This American home decorator slasher is a cheap-but-effective horror starting with a fictitious news item about a Long Island resident, James Parrish, who a few years back visits a local tattoo artist to get ‘Moros’ inked on the back of his shaven head. He then kills his entire family at his home 132 Burningmoore Lane and apparently disappears forever.
This is followed by some found footage about how the obligatory randy teens breaking in to the now-empty residence in the middle of the night to film themselves getting naked (which would be enough to annoy any householder). The teens, unsurprisingly enough, don’t leave the house alive.
Five years later, we switch to a mocu-mentary about a small-time housing decorator company, Cole Contracting, are filming themselves doing up a tumbledown house for a DIY show, planning on a ‘complete home transformation process’ into a smart new B&B.
Run by Harry Cole, the show is called (cue the grim irony, etc) ‘Getting’ Hammered’ and will use the rough footage of the cameras set up around the house to film the plaster-and-paint transformation. Complete with cheesy graphics, jump cuts, and annoyingly ‘excitable’ music, this fake docu features a chirpy of home maintenance crew (John, Dan, Pete etc) playing up for the cameras.
There’s the obligatory cutesy banter and matey nicknames, a bit like Top Gear with painting brushes cars. There’s the jovial, chubby plumber ‘Fits’ with his whooped catchphrases: ‘It’s party time!’ and ‘Get on the train!’)
There’s all the routine delays and annoyances of filming: background noise causes re-shoots, the presenter is rubbish at his job, the camera operator treads in dog crap while filming, and half the crew are late/arguing with each other. And if that’s not irritating enough, every time you try to grab some stock background footage, there’s a hooded figure glaring menacingly at you from the distance and forcing you to reshoot.
As the work gets underway, there’s hints there may not be quite what it seems: the hammy, hair-flicking presenter Doug describes the house as a ‘forgotten tomb of bricks and mortar’ with disturbing accuracy.
And why is the kitchen door already open, the boss wonders? A homeless guy turns up to mumble warnings incoherently: ‘Don’t go in! It’s his house!’ before adding under his breath: ‘Moros’. None the wiser, and presumably having not seen the news footage, the filmmakers/decorators are in no mood for hobos uttering cryptic warnings, and send him on his way.
‘No bullshit today, no prankin’ ‘ warns the boss paternally as the camera operators bicker over who films which talent (‘You film the pretty women and I film the sweaty men’), and the others continue annoying each other with more practical jokes such as gluing metal work boxes to the floor.
The designer turns up and starts gushing how they need to create ‘a warm, inviting, cute porch, where people would love to mingle.’ She adds chirpily: ‘I like to walk into a house and feel the *soul* of the place…’. All the place needs is a few elegant chandeliers, according to her (and possibly a few less lurking psychos).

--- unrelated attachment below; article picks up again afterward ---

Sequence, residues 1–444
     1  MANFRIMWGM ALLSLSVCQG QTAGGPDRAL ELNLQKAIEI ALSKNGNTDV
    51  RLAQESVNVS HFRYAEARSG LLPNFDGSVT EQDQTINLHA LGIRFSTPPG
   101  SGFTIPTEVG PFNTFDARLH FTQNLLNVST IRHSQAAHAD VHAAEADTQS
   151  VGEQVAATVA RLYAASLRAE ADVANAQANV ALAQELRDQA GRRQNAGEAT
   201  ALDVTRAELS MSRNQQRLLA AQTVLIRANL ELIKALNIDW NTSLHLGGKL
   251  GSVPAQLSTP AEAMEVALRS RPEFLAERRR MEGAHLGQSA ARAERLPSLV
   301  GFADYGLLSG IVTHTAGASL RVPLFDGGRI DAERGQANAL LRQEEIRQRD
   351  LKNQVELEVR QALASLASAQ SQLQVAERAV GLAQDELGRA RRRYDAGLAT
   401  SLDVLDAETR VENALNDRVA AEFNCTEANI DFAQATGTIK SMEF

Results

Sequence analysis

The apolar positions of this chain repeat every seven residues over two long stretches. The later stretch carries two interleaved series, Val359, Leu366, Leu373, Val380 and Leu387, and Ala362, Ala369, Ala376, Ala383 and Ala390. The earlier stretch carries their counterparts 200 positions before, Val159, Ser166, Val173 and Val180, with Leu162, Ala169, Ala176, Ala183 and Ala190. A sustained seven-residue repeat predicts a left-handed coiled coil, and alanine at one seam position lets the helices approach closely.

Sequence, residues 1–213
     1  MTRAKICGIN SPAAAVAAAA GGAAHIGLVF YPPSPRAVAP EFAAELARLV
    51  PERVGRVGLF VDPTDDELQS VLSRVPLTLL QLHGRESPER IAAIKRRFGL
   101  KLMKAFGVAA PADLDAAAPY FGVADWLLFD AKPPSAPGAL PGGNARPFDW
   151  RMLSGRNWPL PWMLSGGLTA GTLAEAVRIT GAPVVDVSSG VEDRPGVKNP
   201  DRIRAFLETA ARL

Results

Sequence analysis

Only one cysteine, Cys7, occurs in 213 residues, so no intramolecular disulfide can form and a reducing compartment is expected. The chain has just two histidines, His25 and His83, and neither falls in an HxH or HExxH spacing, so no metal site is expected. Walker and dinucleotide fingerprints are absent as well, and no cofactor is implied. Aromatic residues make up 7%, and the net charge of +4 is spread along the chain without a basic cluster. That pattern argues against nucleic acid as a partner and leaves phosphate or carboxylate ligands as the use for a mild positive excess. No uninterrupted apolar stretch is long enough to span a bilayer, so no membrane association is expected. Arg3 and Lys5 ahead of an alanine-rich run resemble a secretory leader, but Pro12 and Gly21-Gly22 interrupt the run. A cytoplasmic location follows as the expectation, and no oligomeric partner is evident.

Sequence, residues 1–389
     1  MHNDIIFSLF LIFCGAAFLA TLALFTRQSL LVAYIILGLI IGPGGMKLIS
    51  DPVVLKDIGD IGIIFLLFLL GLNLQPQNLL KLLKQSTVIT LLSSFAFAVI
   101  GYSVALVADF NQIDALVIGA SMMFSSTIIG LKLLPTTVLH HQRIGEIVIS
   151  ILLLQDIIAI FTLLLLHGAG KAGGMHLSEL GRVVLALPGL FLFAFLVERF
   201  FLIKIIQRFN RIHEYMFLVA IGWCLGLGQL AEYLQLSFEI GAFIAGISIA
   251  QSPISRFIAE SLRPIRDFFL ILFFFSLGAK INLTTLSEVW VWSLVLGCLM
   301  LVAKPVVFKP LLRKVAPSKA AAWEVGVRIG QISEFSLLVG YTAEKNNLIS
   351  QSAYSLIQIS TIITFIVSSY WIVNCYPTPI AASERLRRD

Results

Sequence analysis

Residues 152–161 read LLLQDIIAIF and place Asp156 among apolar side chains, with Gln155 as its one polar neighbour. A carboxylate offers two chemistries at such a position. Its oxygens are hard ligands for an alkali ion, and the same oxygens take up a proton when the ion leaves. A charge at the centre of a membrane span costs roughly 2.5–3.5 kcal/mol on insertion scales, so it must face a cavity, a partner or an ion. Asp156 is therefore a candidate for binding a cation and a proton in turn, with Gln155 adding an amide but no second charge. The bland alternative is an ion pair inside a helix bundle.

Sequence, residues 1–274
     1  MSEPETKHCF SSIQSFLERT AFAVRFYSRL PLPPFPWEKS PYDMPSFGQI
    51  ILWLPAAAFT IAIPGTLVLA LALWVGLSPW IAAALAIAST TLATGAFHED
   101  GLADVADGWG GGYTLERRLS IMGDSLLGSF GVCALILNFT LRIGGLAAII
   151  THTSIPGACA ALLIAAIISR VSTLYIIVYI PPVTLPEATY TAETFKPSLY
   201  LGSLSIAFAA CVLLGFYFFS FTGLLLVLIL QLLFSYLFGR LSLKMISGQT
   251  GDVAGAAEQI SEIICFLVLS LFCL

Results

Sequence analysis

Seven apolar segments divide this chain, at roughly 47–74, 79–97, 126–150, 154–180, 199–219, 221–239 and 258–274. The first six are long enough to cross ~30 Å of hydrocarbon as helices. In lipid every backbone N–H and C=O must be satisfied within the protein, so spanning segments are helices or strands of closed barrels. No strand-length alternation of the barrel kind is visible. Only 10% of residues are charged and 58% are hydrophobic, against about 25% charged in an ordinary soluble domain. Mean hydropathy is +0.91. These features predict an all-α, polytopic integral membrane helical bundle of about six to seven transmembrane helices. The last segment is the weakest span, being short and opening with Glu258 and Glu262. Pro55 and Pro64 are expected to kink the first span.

Pretty-boy presenter Doug, a dead ringer for Justin Hawkins from The Darkness, is constantly re-taking shots and more concerned with his hair and flirting with the female designer, than doing any decent pieces to cam. Through all the chaos, the in-house cameras catch glimpses of a hooded figure in the house.
A house inspector turns up and warns bluntly: ‘This place is a sh*thole,’ and gives a warning about its general lack of safety and why the painter shouldn’t be smoking dope on the job.
Parrish by now has had enough of his house being used as a film set, and starts polishing off each of the worker with their own equipment. The electrician pays the price for not seeing all wires are safely out of the way, the painter decorates his pristine, still wet white wall with his own blood.
Writers Jonathan Williams and J. Andrew Colletti could have used the idea of the house itself, annoyed by being referred to tactlessly as ‘an old girl in need of a facelift’, deciding to rid itself of the characters. Given the dangers of a tumbledown house full of dope-smoking alpha males playing up and annoying each other, surrounded by dangerous power equipment, adding a serial killer hardly seems necessary.
Harry finds very little in the way of his crew but a lot of blood, and wastes time by doing a bit of REC-style rewinding the film to try to discover what happened. Instead of calling for help from safely outside, the crew rush around searching the cellar for the disappeared bodies (and apparently fail to hear Harry getting attacked by Parrish upstairs).
This new genre of ‘paintbrush slasher’ is The Driller Killer effectively mating with 60 Minute Makeover, and a smart – if not particularly scary – film done on a small budget.
Nina Romain is living proof that small children shouldn’t be taken trick-or-treating in Alabama in the 1980s – they tend to end up obsessed with the creepier side of Halloween! Her horror shorts tend to be shot half in the seedier side of Los Angeles and half in the darker side of the UK. She’s spending this Halloween dressed as a creepy clown at various London horror events and planning to eat her own weight in festive treats. You can find her on www.girlfright.com and IMDB.